Removing Unnecessary Toolbars Can Improve Your Internet Speed

January 25, 2013 AnMarie Bozick, CIC

Today's agency relies heavily on the Internet in order to perform day-to-day operations. Whether obtaining a quote through TurboRater, checking a policy's status in an agency management system or processing an endorsement on the carrier's website, the fact is that the speed and reliability of the Internet connection can have a significant impact on the ability of agency employees to do their jobs. This is why it is important for agency owners and their IT personnel to make sure the Internet is performing at its best.

One problem area that can severely impact Internet speed we often see with our agents is having unnecessary toolbars installed on the browser. Extra toolbars not only decrease the viewing space, but more often than not, they can negatively impact the performance of your Internet connection. Many of these toolbars can contain spyware, malware, and adware, which run processes on your computer unbeknownst to you. These processes consume resources on your computer, therefore, inhibiting your computer and Internet speed.

So where do these unwanted toolbars come from? How do they just magically appear on your computer from out of nowhere? Oftentimes, they are included when people download and install free software. As most parents teach their children, 'There is no such thing as a free lunch.' Oftentimes, these free programs are used to trick someone into installing unwanted toolbars, which were designed specifically to monitor, track, and report your Internet usage back to the originator. What exactly these programs are tracking, why they are tracking it, and why they found it necessary to sneak these processes onto your computer is enough to make anyone nervous. However, considering the impact these toolbars can have on your employees' performance because of the decrease in Internet speed they cause is reason enough to get rid of them.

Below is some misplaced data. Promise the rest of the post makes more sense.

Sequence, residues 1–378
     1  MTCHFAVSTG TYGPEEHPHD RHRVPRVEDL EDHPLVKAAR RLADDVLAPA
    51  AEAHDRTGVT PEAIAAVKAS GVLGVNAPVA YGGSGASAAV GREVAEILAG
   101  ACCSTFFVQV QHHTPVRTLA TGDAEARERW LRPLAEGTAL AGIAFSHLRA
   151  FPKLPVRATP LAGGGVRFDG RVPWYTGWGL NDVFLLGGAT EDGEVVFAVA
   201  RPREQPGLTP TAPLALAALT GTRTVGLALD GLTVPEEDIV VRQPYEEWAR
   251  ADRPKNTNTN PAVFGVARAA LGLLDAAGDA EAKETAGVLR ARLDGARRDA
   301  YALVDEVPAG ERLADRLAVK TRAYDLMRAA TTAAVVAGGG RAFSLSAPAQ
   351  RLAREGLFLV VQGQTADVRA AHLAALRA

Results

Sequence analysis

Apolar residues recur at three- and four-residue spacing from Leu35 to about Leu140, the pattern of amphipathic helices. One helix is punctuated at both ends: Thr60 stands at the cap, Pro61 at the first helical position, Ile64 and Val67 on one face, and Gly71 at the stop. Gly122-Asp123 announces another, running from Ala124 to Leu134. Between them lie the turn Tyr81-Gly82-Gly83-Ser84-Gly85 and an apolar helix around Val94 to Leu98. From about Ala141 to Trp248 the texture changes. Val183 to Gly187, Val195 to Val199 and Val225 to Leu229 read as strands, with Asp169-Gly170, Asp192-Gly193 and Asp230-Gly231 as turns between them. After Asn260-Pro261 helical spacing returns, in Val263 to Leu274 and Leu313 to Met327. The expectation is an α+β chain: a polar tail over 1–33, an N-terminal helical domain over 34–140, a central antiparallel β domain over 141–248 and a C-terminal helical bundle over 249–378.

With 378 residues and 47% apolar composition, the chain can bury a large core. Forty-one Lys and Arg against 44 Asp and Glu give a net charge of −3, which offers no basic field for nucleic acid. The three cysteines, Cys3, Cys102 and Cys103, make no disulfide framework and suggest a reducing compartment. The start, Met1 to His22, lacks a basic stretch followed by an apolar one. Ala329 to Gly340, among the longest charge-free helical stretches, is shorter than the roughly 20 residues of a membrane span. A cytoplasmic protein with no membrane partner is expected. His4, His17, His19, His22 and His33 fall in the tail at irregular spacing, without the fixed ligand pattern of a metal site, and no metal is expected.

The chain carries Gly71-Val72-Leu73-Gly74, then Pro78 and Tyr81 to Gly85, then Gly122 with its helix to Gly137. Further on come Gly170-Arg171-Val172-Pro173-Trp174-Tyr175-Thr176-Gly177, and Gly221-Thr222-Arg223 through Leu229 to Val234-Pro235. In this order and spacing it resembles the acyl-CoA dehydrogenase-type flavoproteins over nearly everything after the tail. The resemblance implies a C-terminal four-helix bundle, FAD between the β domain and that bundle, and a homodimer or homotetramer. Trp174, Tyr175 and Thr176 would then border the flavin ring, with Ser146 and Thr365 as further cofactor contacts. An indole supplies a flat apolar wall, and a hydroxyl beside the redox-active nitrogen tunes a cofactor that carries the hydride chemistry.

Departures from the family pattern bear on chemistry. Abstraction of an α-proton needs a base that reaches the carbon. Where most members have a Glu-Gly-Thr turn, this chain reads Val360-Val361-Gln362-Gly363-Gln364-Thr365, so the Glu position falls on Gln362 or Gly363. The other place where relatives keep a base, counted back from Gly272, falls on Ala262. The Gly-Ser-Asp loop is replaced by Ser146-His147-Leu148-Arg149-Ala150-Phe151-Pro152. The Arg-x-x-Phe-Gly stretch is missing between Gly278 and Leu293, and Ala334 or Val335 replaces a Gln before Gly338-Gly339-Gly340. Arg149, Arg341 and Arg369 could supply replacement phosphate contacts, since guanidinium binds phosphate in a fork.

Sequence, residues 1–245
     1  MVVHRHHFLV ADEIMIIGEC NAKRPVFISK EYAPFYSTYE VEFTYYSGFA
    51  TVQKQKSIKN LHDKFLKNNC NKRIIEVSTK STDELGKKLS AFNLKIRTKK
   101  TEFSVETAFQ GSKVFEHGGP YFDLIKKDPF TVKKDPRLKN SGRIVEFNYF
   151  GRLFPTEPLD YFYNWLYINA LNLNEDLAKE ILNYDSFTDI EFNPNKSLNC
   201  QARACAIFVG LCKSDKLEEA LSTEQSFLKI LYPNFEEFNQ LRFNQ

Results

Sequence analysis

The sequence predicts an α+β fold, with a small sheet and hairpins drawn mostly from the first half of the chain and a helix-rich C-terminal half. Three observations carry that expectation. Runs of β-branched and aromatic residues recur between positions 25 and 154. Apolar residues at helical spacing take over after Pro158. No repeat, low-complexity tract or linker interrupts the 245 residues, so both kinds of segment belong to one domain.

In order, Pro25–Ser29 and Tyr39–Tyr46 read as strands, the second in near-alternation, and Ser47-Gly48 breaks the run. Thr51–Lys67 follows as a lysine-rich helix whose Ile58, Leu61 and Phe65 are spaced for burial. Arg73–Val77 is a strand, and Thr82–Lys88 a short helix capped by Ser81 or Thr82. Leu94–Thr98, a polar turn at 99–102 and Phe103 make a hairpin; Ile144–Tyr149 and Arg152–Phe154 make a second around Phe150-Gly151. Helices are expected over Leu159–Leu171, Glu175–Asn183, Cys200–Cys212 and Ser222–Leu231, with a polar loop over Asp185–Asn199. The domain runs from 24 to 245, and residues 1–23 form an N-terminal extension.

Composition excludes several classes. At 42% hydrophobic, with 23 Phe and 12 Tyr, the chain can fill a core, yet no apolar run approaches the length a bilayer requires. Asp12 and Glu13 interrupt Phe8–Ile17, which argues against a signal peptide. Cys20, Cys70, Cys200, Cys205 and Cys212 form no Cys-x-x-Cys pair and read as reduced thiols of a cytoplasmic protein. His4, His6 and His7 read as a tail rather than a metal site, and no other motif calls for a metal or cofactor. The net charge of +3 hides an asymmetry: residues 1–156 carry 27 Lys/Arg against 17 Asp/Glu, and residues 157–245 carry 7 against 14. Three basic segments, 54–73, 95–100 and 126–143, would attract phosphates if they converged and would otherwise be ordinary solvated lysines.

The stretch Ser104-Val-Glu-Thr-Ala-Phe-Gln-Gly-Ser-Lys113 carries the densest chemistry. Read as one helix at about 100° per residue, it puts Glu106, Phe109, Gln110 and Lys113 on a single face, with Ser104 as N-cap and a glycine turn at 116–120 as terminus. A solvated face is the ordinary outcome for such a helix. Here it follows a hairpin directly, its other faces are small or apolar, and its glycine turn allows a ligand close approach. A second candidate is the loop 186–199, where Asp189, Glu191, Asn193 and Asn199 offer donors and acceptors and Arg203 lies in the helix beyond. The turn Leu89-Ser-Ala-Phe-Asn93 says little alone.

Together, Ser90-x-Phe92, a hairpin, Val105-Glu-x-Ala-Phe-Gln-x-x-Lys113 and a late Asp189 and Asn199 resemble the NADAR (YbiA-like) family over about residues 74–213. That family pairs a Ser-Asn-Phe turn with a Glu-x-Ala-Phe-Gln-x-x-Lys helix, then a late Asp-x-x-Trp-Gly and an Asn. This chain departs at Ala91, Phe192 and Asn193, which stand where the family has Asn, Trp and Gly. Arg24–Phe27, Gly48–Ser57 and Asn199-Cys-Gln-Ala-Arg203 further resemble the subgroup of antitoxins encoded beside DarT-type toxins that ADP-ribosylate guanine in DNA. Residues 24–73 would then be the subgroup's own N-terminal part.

There are also legitimate programs that come pre-packaged with unwanted toolbars. Many people have become accustomed to just clicking Next > Next > Next and not taking the time to read the setup screens for the software they are installing. By doing so, people miss the opportunity to opt out of these toolbars. For example, Java updates come by default with the option to install a Yahoo! Toolbar. While this particular toolbar isn't spyware, it still is an extra toolbar that takes up real estate and therefore limits your viewing area.

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About the Author

AnMarie Bozick, CIC

AnMarie Bozick, CIC, manages ITC’s rating products, including TurboRater and TurboRater for Websites. She has more than 20 years of property and casualty insurance experience, including owning her own agency and serving as president of the Alliance of Insurance Agents of Texas. She joined ITC in 2008.

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